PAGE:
Large Empire-style engraving depicting Napoleon's death on St. Helena in 1821, based on a work by Baron Charles Steuben produced between 1825 and 1830. The work is presented in its original frame, with palmettes and laurel wreaths, in the Empire style and from the Restoration period (circa 1830).
The Fondation Napoléon gives an excellent description of this work, which we reproduce here:
"On Saturday May 5, 1821, at 5:49 p.m., at Longwood House on the island of St. Helena, "the most powerful breath of life that ever animated human clay" (Chateaubriand) died. It was this historic moment that Steuben sought to immortalize in a painting that has since become the official representation of the scene. In another famous composition, painted around 1825-1830, Steuben gave a highly realistic vision of Napoleon on St. Helena dictating his memoirs to General Gourgaud. The same realism prevails in the evocation of the Emperor's death, a far cry from Horace Vernet's Le songe de Bertrand or L'Apothéose de Napoléon, painted in the same year, which heralded the long series of allegories of the Helena, or the celebration of the martyr's cult.
The painting was conceived with a concern for accuracy, intended to render the scene as faithfully as possible. On their return to France, the painter interviewed all his fellow captives and had them pose for their portraits. Only Abbé Vignali, Captain Crokat and Dr. Arnott have been portrayed from memory. Grand Marshal Bertrand drew sketches showing the layout of the room and the location of furniture and people. By gathering their memories and offering their features to the painter, everyone seems to have wanted to contribute to this work of collective memory destined for posterity."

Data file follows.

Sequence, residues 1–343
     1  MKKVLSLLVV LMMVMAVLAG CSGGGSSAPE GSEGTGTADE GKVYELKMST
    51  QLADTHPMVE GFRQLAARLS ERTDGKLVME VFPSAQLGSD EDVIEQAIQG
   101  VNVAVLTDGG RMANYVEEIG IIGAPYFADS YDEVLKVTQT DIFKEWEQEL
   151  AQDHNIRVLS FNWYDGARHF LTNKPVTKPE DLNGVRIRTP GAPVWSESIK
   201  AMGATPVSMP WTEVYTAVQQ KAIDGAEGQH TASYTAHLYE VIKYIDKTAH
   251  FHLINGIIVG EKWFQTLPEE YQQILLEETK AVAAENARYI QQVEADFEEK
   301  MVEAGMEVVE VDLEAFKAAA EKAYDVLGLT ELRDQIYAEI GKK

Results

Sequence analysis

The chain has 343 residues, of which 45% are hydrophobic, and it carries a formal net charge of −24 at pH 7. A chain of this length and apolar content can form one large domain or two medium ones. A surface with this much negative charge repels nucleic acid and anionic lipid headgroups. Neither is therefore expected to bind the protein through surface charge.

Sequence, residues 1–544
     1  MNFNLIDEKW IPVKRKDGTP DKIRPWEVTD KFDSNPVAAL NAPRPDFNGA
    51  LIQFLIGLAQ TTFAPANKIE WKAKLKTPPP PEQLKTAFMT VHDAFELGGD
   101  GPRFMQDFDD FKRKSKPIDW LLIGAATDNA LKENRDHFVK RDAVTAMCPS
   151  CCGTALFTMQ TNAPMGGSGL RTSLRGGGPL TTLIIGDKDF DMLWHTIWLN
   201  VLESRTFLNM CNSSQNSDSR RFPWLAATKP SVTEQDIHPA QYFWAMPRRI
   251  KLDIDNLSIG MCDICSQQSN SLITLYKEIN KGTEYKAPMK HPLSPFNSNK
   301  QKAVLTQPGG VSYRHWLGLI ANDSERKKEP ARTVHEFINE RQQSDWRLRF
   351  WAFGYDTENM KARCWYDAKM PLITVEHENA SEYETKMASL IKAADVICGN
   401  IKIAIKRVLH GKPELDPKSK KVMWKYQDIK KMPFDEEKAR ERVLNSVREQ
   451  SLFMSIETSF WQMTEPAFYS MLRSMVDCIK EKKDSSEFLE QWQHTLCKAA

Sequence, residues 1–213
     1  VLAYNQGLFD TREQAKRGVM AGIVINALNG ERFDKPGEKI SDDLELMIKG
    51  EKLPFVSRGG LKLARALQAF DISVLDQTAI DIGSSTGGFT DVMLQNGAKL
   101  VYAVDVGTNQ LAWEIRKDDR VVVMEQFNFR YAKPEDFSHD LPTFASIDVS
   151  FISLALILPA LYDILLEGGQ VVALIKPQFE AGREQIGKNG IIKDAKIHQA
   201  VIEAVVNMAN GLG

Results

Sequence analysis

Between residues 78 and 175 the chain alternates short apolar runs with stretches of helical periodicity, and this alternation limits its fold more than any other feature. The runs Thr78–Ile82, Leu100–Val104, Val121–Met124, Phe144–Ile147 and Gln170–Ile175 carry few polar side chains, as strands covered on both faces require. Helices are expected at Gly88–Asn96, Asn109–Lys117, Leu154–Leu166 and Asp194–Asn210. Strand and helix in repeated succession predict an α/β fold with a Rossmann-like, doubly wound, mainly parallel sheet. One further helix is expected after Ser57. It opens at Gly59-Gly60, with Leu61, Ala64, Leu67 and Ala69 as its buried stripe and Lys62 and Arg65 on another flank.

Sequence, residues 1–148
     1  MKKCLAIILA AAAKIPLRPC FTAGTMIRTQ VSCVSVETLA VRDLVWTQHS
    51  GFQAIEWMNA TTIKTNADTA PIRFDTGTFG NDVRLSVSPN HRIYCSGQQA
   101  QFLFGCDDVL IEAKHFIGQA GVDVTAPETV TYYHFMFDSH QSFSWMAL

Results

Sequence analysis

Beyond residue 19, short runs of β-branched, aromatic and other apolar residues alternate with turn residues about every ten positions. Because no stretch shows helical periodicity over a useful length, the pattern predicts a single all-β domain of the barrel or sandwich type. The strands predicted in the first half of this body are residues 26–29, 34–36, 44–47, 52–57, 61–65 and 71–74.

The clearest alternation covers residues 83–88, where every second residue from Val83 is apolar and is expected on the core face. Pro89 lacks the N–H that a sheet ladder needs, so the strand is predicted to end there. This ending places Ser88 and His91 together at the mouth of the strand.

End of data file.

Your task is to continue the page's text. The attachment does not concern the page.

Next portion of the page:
A large-format, highly-furnished work in excellent condition. The etching has been cleaned in an acid bath to recover its original whiteness. Very fine, very clean, beautiful frame with fine gold gilding, cleaned by our gilder.
Height : 97cm
7 200 €